New West Campus classroom building designs released


The new design of the West Campus classroom building looking towards the southwest. These photos were shown at the Thursday, Oct. 10, 2013, Board of Trustees meeting.

Hannah Smith, News Editor

Designs and cost estimates for the new West Campus classroom building were presented for the Board of Trustees to get its approval to move forward with the project.

The three-story building will soon replace the portable classrooms that currently live along the West Campus roundabout, right next to the Garvin Theater.

The building is projected to cost $19,686,105. The Measure V bond will cover roughly $18 million while the construction reserve account will cover any remaining fees.

“I’m incredibly proud of our team,” said Julie Hendricks, director of facilities and campus development. “These folks have worked very hard to look at different ways to construct the building and select different materials to use to really bring down the cost.”

City College tried out a new construction process when developing the Humanities Building. They hired a separate contractor to complete the work and make sure that the project is finished on time and within budget. This procedure is called the lease-leaseback method.

Because of the success with the Humanities Building, the board approved using this same contracting method with the development of the West Campus Building.

“Using an outside contractor has really reduced the impact of anything going wrong,” said Joe Sullivan, vice president of business services. “It’s worked very well for us.”

Kruger Bensen Ziemer Architects, Inc. is a Santa Barbara based company that the college has hired to design the building.

The structure is made up of two separate facilities that are connected with a foot bridge.

2013_07_05 - East Approach (closer)
The West Campus classroom building looking towards the east. This photo was presented at the Thursday, Oct. 10, Board of Trustees meeting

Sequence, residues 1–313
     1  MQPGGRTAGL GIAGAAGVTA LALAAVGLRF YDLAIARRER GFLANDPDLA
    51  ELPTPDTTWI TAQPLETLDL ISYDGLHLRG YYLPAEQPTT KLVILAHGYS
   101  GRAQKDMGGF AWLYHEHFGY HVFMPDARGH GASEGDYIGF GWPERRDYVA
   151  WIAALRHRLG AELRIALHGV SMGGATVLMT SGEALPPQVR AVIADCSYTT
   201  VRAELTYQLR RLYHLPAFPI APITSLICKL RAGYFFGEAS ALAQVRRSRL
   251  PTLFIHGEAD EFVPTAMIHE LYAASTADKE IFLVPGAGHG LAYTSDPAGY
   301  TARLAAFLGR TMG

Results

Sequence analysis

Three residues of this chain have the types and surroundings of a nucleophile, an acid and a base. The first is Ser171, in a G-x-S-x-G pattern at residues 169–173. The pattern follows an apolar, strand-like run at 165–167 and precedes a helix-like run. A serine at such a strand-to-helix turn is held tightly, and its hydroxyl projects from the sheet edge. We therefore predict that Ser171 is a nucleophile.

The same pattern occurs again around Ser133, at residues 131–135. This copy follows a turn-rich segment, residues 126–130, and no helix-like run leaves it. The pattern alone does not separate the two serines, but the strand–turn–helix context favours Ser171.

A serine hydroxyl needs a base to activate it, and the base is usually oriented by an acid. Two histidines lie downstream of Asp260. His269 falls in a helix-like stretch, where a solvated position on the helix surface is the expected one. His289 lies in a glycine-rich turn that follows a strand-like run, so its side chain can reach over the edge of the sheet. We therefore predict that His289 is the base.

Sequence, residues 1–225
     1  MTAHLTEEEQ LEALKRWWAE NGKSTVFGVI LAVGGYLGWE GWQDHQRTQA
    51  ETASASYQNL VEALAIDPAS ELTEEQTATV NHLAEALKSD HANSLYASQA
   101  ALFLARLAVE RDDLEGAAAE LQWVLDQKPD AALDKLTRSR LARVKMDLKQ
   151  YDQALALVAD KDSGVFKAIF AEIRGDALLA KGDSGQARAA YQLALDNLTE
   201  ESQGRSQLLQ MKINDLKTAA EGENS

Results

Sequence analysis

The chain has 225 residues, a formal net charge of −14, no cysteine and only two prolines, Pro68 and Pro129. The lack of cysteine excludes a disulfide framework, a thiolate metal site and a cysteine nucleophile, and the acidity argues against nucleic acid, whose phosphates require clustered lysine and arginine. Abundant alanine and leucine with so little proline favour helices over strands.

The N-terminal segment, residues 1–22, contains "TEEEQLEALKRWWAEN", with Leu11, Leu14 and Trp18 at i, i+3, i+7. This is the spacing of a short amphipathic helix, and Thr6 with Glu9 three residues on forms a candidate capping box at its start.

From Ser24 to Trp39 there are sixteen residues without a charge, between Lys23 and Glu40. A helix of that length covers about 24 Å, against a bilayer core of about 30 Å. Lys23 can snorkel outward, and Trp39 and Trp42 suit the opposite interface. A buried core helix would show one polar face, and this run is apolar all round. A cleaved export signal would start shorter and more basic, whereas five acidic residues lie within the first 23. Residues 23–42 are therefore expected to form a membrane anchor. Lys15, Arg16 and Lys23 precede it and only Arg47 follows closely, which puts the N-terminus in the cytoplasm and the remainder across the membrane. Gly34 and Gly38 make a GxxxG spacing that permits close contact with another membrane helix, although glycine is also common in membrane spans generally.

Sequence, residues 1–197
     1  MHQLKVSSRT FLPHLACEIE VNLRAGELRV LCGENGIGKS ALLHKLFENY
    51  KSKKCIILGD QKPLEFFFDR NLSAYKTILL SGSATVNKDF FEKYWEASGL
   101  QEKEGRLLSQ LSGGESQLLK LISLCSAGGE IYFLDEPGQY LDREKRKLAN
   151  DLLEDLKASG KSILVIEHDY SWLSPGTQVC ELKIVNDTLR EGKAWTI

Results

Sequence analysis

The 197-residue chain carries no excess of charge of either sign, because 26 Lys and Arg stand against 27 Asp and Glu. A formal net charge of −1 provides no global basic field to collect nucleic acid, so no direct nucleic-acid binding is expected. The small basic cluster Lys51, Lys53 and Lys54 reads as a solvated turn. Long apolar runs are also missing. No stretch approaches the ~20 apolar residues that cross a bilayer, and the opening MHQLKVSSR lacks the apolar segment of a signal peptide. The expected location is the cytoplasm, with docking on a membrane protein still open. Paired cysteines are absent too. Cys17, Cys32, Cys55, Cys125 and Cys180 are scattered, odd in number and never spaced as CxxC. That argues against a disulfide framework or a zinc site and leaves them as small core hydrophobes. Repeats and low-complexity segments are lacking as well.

The east portion will be three-stories and hold classrooms, offices and areas for students to relax. The west building is two-stories and has one classroom, nine faculty offices, and a terrace that faces the ocean.

To match the rest of the classrooms on West Campus, plenty of modern lines and quirky geometrical shapes have been incorporated throughout the building. Sandstone will cover the first floor while the rest will be a stark white.

To make the building aesthetically pleasing to the neighborhood behind City College the second story roof will be entirely vegetative.The design team is looking for ways to bring more color to West Campus by painting the walls that face out of the large and visible windows.

Some of the trustees had concerns with maintenance of the high up canopies, as well as sustaining the plants on the roof.

“This is a challenge because, of course, we’re trying to not have water go into the buildings,” said Hendricks. “We’ve been studying how Moorpark College maintains their vegetative roof and we’ve learned a lot.”

Other concerns included that the footbridge that connects the two facilities might be too narrow during high traffic hours. To reduce costs, the bridge has been cut a few inches from the original design.

“I want to make sure that we’re not just being penny-wise,” said trustee Peter Haslund. “I mean, that building is going to be there a long time.”

Construction is anticipated to begin Sept. 2014. It’s expected to be complete by Aug. 2016 and can be occupied for the Fall 2016 semester.